Some would argue that in order to be a great artist, one would have to suffer great tragedies throughout life. In the case of France's Edith Piaf -- a legendary singer and performer loved by all, feared by most and hated by no one -- her constant suffering replaced passion for the craft, and with the new biopic La Vie en rose (or La Môme), we feel bad ... but it's really the only thing we feel. The opening night film at the 57th Annual Berlin Film Festival includes all the tasty little ingredients one has come to expect from a biopic about a singer/songwriter and performer and musician, including the unbearable-to-watch upbringing in which Edith is forced by her mother to live on the streets, sick and on the verge of dying.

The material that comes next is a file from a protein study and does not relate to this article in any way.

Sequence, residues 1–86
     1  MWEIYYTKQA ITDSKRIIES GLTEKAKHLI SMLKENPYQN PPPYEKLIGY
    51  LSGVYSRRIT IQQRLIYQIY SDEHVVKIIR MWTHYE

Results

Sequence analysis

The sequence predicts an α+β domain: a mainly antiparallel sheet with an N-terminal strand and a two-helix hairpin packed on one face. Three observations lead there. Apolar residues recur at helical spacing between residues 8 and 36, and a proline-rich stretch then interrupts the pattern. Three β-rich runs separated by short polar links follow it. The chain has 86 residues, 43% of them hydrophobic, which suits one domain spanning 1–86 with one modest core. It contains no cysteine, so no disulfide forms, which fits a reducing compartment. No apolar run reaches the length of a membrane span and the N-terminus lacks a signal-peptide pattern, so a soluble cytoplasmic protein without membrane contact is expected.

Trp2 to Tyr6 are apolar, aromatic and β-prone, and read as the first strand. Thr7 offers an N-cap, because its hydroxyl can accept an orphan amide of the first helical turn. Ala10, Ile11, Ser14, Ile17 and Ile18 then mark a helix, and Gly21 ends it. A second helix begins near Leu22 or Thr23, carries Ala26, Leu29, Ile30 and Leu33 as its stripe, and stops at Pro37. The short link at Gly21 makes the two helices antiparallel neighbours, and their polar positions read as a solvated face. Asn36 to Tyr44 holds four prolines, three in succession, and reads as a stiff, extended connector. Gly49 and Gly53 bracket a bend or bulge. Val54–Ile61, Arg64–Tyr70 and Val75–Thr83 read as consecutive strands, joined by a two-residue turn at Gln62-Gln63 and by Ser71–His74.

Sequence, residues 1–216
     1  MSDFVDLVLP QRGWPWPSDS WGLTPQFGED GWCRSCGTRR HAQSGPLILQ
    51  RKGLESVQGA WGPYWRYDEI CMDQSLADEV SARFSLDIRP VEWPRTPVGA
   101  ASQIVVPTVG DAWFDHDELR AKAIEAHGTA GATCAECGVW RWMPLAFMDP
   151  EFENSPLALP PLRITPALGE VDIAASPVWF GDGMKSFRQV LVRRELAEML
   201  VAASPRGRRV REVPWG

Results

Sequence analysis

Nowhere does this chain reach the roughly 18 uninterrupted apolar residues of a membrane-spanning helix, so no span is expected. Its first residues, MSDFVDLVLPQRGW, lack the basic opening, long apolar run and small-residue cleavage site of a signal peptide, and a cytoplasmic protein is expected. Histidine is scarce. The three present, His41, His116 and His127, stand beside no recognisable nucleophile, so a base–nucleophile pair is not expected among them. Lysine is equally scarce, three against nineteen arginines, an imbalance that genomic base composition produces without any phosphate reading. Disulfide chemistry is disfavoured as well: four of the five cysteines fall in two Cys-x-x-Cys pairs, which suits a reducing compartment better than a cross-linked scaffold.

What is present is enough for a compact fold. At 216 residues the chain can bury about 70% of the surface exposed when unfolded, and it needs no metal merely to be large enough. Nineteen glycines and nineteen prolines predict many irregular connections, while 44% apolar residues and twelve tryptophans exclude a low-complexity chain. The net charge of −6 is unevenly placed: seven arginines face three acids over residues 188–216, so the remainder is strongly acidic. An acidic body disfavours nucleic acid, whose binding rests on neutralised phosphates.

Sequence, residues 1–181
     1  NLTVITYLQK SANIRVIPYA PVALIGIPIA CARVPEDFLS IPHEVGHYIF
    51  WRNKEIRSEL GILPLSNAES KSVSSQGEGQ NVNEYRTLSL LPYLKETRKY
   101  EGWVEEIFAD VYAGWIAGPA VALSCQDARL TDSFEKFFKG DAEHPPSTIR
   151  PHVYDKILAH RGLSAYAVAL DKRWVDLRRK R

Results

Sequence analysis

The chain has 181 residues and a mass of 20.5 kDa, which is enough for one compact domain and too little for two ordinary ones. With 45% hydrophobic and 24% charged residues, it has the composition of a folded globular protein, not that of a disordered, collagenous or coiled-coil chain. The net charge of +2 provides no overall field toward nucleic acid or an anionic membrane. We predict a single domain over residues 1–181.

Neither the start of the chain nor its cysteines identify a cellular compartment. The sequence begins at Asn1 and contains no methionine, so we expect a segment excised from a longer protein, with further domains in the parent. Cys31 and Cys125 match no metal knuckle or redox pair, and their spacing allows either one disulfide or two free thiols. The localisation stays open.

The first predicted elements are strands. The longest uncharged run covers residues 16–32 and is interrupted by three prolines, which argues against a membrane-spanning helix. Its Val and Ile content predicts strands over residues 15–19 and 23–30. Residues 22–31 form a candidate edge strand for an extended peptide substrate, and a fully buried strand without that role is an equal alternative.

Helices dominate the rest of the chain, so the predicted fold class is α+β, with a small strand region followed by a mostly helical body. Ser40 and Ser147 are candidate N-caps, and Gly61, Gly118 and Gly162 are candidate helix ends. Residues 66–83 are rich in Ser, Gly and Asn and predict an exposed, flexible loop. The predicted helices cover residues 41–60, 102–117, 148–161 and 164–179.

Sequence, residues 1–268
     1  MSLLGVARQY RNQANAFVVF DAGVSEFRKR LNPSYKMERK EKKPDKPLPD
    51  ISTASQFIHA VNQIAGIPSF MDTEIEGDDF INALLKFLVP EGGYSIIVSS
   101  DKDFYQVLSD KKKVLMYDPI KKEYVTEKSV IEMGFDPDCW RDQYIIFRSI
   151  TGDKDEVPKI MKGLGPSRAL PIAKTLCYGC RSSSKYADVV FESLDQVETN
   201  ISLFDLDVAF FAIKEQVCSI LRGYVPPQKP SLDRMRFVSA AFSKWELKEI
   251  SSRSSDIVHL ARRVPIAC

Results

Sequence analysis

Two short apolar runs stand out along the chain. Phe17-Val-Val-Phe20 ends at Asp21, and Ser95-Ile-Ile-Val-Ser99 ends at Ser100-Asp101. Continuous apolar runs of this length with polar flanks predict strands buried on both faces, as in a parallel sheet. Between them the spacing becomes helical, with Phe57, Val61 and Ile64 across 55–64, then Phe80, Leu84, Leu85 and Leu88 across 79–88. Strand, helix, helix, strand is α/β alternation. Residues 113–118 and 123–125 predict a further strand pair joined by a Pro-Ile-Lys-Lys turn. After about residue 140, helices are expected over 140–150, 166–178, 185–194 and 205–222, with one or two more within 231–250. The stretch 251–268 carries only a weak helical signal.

Eventually she is rescued by her strict, inconsiderate father, only to be tossed into the hands of her frigid grandmother (the madam of a whore house) as if she were a stray animal in desperate need of a roof over her head. Then we get the moment in which our main character (in this case, Edith) learns she has a talent for singing and, if properly utilized, could garner her a nice chunk of change. We also get the rise to fame -- the cheers, the front page headlines, the obligatory montage -- the whole wing, bam boom. Somewhere in between, a little love affair is thrown in, with a touch of betrayal, then everything is capped off with a pinch of cancer and the unfortunate steady decline of a star.